According to analyst estimates that the Wall Street Journal has been examining, Wall Street bankers may be getting ready to party like it’s 2007 when it comes to compensation:
Based on analysts’ earnings forecasts for 2009, Goldman Sachs Group Inc. is on track to pay out as much as $20 billion this year, or about $700,000 per employee. That would be nearly double the firm’s $363,000 average last year, and slightly higher than the $661,000 for the average Goldman employee in fiscal 2007…Morgan Stanley, the only other huge U.S. securities firm left as an independent company, will likely pay out $11 billion to $14 billion in compensation and benefits this year. [...] [T]he comeback in compensation so far this year shows how hard it is for Wall Street to break its old habits.
Meanwhile, over at Tech Ticker, House of Cards author and former investment banker William Cohan said “there’s been a lot of talk” from the Obama administration about compensation, “but little or no action.” “There’s a lot of nice words in the 85-page re-regulation proposal…[about] making sure compensation is tied to behavior and accountability,” he said. “But there’s not much action going on.”
There may not have been much action yet, but the administration has taken some steps toward altering compensation practices. Yesterday, the Securities and Exchange Commission proposed rule changes that would “require companies to disclose more about their use of compensation consultants and bolster reporting of stock and option awards.” And ultimately, I think the real problem is not with the administration’s lack of action, but with Congress’.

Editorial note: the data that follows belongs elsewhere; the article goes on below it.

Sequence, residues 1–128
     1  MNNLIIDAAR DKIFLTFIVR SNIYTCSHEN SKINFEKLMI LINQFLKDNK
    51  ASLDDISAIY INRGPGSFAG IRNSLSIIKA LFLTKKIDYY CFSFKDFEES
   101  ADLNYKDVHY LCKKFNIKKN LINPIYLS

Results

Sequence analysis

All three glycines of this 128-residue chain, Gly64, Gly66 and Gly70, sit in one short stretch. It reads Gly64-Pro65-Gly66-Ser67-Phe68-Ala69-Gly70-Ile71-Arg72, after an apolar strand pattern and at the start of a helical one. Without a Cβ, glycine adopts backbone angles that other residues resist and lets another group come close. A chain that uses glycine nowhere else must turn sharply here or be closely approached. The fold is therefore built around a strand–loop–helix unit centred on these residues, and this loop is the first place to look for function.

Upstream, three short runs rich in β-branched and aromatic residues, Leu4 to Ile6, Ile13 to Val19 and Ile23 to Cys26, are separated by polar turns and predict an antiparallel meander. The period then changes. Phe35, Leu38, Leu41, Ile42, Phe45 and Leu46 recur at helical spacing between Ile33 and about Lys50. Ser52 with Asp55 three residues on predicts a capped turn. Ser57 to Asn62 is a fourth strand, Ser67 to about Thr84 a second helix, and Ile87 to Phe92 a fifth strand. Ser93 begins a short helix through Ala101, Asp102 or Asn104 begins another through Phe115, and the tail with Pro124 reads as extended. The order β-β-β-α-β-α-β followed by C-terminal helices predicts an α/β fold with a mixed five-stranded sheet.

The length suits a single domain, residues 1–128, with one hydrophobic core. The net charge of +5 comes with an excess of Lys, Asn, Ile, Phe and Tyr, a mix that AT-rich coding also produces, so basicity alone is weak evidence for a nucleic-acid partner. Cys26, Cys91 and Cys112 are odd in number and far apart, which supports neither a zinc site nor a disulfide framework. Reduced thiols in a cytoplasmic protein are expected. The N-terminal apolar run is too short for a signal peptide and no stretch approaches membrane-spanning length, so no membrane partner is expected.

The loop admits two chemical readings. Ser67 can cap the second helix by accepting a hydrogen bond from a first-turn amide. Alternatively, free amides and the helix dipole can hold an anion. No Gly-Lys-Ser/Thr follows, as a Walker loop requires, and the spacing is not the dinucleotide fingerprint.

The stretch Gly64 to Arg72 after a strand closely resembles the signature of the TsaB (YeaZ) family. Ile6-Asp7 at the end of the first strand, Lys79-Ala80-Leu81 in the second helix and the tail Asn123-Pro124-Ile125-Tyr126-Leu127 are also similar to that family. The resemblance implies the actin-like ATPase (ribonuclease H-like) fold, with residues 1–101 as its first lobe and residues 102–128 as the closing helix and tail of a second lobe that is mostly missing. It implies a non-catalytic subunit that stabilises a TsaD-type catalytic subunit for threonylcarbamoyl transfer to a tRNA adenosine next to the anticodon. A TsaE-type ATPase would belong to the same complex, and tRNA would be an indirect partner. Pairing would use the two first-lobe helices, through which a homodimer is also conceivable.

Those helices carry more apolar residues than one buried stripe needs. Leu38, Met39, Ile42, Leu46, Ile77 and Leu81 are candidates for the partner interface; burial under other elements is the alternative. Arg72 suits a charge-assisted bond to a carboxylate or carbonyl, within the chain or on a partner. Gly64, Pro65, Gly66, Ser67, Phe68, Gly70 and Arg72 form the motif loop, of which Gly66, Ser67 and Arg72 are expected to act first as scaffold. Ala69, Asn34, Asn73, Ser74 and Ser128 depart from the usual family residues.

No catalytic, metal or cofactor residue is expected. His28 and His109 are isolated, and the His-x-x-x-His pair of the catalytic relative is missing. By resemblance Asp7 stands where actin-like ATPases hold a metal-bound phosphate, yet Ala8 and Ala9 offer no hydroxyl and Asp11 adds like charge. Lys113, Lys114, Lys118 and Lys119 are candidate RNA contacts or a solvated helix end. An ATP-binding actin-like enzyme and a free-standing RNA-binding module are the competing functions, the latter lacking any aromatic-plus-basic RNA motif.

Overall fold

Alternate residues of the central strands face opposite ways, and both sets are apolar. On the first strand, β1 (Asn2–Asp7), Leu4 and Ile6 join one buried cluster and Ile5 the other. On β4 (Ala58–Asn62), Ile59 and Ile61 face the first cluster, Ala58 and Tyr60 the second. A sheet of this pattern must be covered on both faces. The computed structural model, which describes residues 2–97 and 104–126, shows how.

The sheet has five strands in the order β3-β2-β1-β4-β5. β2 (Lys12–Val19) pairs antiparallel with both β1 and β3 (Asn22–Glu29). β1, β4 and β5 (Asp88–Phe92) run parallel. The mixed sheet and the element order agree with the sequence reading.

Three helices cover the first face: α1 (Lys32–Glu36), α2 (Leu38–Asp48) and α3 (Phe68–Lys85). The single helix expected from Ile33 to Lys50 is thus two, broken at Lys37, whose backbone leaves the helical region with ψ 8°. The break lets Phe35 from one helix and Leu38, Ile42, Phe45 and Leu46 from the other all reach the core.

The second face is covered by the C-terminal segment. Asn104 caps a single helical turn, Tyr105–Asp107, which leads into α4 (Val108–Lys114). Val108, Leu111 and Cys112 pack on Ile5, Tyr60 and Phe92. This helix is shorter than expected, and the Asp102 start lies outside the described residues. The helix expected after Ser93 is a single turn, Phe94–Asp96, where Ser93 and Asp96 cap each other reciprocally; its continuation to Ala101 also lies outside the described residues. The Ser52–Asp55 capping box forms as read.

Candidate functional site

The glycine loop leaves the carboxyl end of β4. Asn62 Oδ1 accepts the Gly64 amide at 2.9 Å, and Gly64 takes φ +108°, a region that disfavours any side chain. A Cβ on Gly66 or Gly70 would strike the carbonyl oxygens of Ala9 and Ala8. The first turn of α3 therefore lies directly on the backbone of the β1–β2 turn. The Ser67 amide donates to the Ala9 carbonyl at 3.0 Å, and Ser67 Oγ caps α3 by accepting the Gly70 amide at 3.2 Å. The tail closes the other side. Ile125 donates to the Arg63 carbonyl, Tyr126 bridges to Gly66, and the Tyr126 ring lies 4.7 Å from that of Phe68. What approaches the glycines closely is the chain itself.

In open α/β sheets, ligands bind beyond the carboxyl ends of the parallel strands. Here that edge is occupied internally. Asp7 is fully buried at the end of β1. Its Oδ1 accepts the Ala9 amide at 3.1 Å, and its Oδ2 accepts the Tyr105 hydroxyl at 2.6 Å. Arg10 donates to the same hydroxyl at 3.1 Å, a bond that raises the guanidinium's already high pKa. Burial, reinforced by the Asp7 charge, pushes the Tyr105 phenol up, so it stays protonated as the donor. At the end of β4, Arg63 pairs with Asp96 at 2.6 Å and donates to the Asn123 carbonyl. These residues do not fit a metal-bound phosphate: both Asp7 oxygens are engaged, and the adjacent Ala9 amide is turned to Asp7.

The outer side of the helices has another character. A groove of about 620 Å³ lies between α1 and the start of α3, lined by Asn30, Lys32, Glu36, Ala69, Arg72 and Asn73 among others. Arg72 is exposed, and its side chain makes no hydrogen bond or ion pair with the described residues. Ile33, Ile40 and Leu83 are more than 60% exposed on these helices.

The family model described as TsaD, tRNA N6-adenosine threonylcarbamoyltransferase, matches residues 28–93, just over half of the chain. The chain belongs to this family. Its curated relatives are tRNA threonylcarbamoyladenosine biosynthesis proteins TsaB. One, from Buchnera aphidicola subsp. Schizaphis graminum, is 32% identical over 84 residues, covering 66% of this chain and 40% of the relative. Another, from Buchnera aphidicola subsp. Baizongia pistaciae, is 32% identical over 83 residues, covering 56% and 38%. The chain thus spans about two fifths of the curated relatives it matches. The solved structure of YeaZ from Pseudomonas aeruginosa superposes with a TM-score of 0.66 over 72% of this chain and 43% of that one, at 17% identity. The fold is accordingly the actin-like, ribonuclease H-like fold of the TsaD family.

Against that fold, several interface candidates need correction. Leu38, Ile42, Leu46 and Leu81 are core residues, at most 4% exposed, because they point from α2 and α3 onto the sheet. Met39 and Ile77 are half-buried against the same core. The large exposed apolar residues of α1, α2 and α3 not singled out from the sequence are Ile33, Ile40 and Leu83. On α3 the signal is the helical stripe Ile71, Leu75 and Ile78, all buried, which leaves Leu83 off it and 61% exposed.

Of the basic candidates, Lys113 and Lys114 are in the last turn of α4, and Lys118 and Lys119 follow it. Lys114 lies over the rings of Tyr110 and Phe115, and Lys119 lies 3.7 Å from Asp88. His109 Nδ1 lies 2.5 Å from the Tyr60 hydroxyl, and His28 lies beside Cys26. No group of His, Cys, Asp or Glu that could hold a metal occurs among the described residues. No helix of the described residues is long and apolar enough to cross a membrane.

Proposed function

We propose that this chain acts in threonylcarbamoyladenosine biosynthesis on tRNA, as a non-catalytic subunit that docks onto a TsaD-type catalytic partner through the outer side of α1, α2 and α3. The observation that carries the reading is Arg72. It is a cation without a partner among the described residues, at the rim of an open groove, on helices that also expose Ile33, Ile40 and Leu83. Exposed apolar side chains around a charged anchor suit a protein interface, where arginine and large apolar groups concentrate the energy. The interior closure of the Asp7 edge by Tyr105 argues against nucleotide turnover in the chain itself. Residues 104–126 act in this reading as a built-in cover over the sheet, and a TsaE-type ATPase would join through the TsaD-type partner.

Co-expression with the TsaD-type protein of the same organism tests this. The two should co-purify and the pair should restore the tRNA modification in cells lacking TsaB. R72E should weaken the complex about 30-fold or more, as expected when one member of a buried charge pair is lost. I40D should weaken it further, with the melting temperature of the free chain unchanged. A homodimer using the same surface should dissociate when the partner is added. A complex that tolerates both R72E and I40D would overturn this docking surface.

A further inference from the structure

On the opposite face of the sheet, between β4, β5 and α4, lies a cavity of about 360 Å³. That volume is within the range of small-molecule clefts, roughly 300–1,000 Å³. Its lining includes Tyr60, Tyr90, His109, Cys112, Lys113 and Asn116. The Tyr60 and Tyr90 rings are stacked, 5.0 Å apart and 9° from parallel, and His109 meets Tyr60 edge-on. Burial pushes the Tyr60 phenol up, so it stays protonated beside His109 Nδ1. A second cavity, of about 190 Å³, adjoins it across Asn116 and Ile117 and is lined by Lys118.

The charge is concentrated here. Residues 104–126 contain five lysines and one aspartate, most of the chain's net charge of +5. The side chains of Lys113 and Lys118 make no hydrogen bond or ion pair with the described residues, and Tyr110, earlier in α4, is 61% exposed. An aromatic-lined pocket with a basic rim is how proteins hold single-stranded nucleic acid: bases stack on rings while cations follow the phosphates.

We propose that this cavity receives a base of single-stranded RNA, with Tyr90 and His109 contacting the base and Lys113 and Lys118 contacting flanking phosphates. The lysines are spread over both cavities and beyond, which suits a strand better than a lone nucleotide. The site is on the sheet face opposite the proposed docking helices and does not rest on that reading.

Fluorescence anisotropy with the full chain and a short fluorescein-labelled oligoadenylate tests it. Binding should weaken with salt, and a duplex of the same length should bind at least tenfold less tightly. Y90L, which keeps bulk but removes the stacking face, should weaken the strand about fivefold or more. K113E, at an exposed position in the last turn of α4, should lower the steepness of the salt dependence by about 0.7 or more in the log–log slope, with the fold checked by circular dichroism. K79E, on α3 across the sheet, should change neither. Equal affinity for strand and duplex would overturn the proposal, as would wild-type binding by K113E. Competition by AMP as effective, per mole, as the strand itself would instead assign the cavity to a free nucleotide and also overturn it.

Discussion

The administration has explicitly called for legislation that would enact “say on pay,” giving shareholders the ability to vote on their company’s compensation packages. The SEC is already putting this in place for companies receiving TARP money, but it would take an act of Congress to make it the law of the land.
Say on pay would not be a panacea for all that is wrong with Wall Street’s compensation practices, but it seems to have had a positive effect on CEO pay in both Great Britain and Australia. And as Cohan and Nouriel Roubini have suggested, more needs to be done to align compensation with long-term corporate outcomes. But if Congress isn’t willing to move — and most signs point to financial regulation taking a back seat to other legislative matters — there’s little that the administration can do.